#14

Before I went o/s I switched from training at 6pm in my garage to 6am at a gym an hour away.

MUCH prefered the mornings, but I think it comes down to personal preference.

When I wasn't working I was 'naturally' training at about 3.30pm by the time I had gotten up then had breakfast and lunch etc so in a perfect world as a full time athlete that would be when I would train. However, in powerlifting our comps normally start around 11 and can go as late as 9 so as far as that goes it might be worth training at different times for different lifts! (eg squat day @ 11am, bench day @ 2pm, deadlifts at 5pm)

Not exactly a feasible plan lol

 

As for carbs, I think this was raised on the old board before it died?

Basically try out different timing and portion sizes to find what works best for you.

Personally I never liked having carbs within 4-5 hours of training as I felt I "came down" off them, would drink coke, red bull and eat lollies DURING the training session though to help bump up and maintain energy levels.

When I switched to morning sessions I was eating about 500g of ice cream and up to a dozen choc chip cookies the night before training then have a red bull on the car on the way to the gym which seemed to work well.

 

I probably wouldn't recommend eating like that if you're trying to lose weight though lol


#15

1) That competition bench was done in 2011 lol

2) I'll be using a bench shirt so yes will double it. I benched 126ish (stupid Americans and their pounds) to a 2-board the other week

http://www.youtube.com/watch?v=LZPgcESB8ls

 

My raw bench (out of the shirt) is probably 85-90 at the moment

AJ says as a rule of thumb a 140 raw bench will get you 220 in a shirt, 180 raw = 260 shirted, 220 raw = 320 shirted and so forth (provided your technique is sound)

 

I've been doing a little bit of programming for Kipfitters using the Conjugate system and the same principles will work for MMA (just take out the WODs).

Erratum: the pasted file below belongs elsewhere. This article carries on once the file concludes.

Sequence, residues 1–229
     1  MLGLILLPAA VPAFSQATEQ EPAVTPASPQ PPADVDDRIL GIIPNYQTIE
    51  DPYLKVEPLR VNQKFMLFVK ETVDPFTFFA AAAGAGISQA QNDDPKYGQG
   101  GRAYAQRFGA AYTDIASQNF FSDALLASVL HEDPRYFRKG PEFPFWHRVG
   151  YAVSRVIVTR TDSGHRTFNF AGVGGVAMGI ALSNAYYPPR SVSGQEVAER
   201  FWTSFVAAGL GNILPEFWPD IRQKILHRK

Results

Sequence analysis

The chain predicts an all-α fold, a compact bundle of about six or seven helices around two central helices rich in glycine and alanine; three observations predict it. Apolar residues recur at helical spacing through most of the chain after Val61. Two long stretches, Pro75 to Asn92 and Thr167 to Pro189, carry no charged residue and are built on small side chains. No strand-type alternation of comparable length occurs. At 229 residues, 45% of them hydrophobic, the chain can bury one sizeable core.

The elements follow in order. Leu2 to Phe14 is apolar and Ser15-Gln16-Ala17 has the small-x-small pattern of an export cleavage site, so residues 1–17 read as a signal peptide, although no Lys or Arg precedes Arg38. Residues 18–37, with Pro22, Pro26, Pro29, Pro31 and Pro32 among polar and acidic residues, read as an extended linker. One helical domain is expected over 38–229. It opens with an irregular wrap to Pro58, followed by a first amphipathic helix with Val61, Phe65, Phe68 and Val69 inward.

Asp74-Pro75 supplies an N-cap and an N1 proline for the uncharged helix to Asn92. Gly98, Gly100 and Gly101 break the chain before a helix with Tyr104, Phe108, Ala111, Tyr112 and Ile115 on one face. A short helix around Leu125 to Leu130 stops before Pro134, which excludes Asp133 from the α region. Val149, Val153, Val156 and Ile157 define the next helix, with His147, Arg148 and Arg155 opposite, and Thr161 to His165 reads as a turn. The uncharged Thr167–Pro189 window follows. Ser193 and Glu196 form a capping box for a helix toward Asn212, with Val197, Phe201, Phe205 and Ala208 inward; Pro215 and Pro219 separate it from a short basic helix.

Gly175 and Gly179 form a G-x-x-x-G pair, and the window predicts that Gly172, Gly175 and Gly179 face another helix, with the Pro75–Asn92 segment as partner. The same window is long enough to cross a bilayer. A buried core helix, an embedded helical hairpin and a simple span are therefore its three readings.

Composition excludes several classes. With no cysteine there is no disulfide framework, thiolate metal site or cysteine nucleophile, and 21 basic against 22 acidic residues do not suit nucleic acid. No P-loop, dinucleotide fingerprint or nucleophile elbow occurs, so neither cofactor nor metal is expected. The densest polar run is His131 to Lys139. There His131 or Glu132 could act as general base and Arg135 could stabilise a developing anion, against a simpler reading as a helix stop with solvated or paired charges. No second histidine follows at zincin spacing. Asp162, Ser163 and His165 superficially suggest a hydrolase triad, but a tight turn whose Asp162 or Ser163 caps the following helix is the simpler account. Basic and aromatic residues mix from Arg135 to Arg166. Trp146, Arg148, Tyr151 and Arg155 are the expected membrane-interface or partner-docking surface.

If you like I can give you a 12 week training cycle if you can give me a max in the box squat, floor press (safer on your own than bench lol), when you can train and what equipment you will have access to.

That'd be sweet. 

 

I've never really done much box squats. I started doing them but got a bit bored and went back to regular squats lol. Never done floor presses either!

 

I currently try and train 3 days a week (friday, tuesday and sunday) and have access to a variety of equipment. Squat racks, barbells, kettlebells, rowers, bench, and all basic gym equipment. My housemate also has a prowler but we haven't brought it out in the winter and probably won't until summer. Unfortunately it lives in his car so can't go myself! 

 

At the moment I'm training either deadlifts or squats as the big lift per session and them some assistance exercises. My core is the weak point in the squat so working that as hard as possible at the moment.  


#16

Has  anyone had spirulina before? A guy I train with gave me some cheap because he ordered bulk. It's ridiculously nutritious and has something ridiculous like 65g or protein per 100g, but it tastes like ■■■■. ■■■■ right in your mouth.